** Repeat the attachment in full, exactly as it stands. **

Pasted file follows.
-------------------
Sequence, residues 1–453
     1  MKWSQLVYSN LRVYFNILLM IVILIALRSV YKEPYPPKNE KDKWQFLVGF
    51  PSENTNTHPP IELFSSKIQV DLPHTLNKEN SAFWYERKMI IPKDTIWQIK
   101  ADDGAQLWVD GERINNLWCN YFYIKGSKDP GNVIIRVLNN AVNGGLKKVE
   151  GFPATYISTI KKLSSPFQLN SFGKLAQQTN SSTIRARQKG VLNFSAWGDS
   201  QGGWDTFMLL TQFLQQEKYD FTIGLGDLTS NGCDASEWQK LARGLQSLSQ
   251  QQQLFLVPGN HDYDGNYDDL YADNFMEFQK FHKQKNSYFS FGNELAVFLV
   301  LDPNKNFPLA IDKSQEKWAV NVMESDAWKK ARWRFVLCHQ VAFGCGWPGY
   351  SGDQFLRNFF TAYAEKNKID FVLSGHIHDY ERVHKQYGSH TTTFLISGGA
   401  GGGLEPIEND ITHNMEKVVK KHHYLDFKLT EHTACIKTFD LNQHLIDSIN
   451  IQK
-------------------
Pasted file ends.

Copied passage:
Sequence, residues 1–453
     1  MKWSQLVYSN LRVYFNILLM IVILIALRSV YKEPYPPKNE KDKWQFLVGF
    51  PSENTNTHPP IELFSSKIQV DLPHTLNKEN SAFWYERKMI IPKDTIWQIK
   101  ADDGAQLWVD GERINNLWCN YFYIKGSKDP GNVIIRVLNN AVNGGLKKVE
   151  GFPATYISTI KKLSSPFQLN SFGKLAQQTN SSTIRARQKG VLNFSAWGDS
   201  QGGWDTFMLL TQFLQQEKYD FTIGLGDLTS NGCDASEWQK LARGLQSLSQ
   251  QQQLFLVPGN HDYDGNYDDL YADNFMEFQK FHKQKNSYFS FGNELAVFLV
   301  LDPNKNFPLA IDKSQEKWAV NVMESDAWKK ARWRFVLCHQ VAFGCGWPGY
   351  SGDQFLRNFF TAYAEKNKID FVLSGHIHDY ERVHKQYGSH TTTFLISGGA
   401  GGGLEPIEND ITHNMEKVVK KHHYLDFKLT EHTACIKTFD LNQHLIDSIN
   451  IQK